Robert Jones Bandage
This is useful for injuries that have a danger of swelling e.g. Ligamentous damage
to the knee.
It consists of three alternate layers of cotton wool and crepe bandage.
|Robert Jones Bandage
The bulky Robert Jones Pressure bandage minimises further swelling and
it affords some immobilization.
If necessary the bandage can be made more rigid
by application of plaster slabs to the sides.
These are secured by another layer of bandage.
Plaster of Paris
The chemical composition is Calcium Sulphate on a fabric mesh
The plaster sets by adding water of hydration
(CaSO4, 2 H2O) + heat = (CaSO4, ½ H2O) + 1.5 H2O)
Gypsum was discovered 9000 years ago in Syria
This causes an exothermic reaction.
This increase in temperature can burn the skin
if the reaction is too fast e.g. use of hot water or, if the patient
places the cast near a radiator.
The sooner the reduction of a fracture is attempted the better, because swelling
of the extremity tends to increase for 6 to 12 hours after the injury.
Before embarking on the manipulative reduction,
adequate x-ray films must be obtained to determine what the objectives
of the manipulation are to be or if, indeed, a reduction is necessary.
Perkins stated that closed reduction is contraindicated when:
Contraindications for closed reduction
1. There is no significant displacement.
2. The displacement is of little concern (e.g., humeral shaft).
3. No reduction is possible (e.g., comminuted fracture of the head
and neck of humerus).
4. The reduction, if gained, cannot be held (e.g., compression fracture
of the vertebral body).
5. The fracture has been produced by a traction force (e.g., displaced
fracture of the patella).
To achieve a reduction, the following steps usually are advised:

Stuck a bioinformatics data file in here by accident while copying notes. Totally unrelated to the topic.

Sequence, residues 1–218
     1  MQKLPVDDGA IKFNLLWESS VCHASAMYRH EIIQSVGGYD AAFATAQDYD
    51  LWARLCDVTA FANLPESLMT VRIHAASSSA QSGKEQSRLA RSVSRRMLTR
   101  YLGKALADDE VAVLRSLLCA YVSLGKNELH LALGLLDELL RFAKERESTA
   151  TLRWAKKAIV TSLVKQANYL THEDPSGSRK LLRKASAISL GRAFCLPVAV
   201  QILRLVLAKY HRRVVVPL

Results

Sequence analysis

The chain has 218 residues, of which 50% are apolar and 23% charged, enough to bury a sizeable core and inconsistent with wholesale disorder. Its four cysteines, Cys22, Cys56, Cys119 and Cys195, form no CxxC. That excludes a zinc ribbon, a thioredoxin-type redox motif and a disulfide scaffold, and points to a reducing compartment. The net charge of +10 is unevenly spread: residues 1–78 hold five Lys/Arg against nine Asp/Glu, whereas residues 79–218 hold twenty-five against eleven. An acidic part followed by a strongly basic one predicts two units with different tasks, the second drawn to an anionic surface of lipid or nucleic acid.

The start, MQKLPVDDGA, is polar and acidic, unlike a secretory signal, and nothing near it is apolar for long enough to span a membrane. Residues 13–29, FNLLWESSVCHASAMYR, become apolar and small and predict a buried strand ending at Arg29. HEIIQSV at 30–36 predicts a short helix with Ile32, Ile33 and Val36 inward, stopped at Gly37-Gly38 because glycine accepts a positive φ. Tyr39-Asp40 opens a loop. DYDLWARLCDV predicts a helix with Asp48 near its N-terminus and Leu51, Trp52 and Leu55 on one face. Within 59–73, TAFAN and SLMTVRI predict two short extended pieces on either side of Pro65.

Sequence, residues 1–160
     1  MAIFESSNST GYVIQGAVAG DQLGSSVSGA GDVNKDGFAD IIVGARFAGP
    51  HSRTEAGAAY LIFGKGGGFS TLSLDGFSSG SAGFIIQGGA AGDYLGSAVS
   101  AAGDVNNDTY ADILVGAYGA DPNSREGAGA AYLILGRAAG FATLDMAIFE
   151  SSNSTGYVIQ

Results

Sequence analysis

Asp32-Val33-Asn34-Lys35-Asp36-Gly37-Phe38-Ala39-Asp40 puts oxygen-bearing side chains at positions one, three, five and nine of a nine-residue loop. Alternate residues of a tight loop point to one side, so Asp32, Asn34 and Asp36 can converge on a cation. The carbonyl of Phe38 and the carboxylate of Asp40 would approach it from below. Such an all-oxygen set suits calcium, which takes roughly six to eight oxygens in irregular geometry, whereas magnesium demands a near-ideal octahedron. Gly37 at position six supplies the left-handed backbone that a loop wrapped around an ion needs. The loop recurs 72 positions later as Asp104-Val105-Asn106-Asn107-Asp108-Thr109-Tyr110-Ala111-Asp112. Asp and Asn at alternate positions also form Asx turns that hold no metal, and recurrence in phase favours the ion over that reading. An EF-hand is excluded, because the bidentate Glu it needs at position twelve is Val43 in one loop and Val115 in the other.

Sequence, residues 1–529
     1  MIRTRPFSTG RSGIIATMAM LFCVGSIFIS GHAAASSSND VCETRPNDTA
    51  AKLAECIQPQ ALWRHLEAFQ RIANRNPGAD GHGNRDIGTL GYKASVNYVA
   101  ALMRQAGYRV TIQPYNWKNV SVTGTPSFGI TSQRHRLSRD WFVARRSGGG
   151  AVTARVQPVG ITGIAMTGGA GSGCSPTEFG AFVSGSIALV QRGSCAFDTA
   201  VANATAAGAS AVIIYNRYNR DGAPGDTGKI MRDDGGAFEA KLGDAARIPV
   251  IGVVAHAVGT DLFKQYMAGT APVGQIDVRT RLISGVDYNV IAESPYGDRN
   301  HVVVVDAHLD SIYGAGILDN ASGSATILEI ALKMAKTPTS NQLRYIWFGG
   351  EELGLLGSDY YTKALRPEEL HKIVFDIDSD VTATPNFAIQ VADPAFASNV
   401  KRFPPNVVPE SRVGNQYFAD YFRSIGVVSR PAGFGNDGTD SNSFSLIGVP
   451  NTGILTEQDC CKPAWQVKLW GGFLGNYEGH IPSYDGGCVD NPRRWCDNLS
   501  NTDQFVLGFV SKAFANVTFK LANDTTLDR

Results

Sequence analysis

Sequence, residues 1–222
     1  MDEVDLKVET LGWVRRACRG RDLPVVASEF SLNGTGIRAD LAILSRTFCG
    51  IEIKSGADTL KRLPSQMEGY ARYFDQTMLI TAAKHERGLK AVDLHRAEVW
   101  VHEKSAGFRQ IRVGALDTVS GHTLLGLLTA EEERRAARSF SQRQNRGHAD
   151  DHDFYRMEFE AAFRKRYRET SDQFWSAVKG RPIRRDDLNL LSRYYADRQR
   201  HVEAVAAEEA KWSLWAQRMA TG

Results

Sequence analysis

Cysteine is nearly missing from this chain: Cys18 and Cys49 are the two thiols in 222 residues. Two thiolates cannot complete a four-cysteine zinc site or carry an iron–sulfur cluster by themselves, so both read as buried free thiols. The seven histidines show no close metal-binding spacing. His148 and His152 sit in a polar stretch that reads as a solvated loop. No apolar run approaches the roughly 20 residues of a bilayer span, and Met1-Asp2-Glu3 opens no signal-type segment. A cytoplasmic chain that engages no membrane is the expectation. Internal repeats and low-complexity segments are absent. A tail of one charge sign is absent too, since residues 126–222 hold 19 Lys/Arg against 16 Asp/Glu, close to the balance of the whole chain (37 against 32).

(1) apply traction in the long axis of the limb;
(2) reverse the mechanism that produced the fracture; and
(3) align the fragment that can be controlled with the one that cannot.
Once a satisfactory reduction has been achieved, it must then be maintained until primary union has taken place. Immobilization may be provided by a cast, continuous traction, or some form of splint.
Principles of plaster technique
- Practice the reduction before cast is applied
- Pad all fresh fractures - use wool such as "Velband"
- Apply this padding evenly
- Water must be slightly warm
- Work the layers to get laminations to bind
- Never flex a joint after POP is applied - hold it flexed beforehand
- Three pressure points are needed to keep reduction
- These pressure points must not cross a joint
information on basic plaster technique can be found in this document.
Follow up of a cast
Swelling is maximal the first 48 hours and then subsides. Once the patient
discharged from your casualty, he must be seen and the reduction checked
within a week. If necessary the cast can be replaced at this stage.
A new reduction may be needed if the fracture has displaced at this
stage. After a week some fractures e.g. growth plate injuries become
increasingly difficult to manipulate.
- Immediate post-reduction X Rays
- Split plaster if any danger of swelling
- Elevate limb
- Circulation check 24 hours later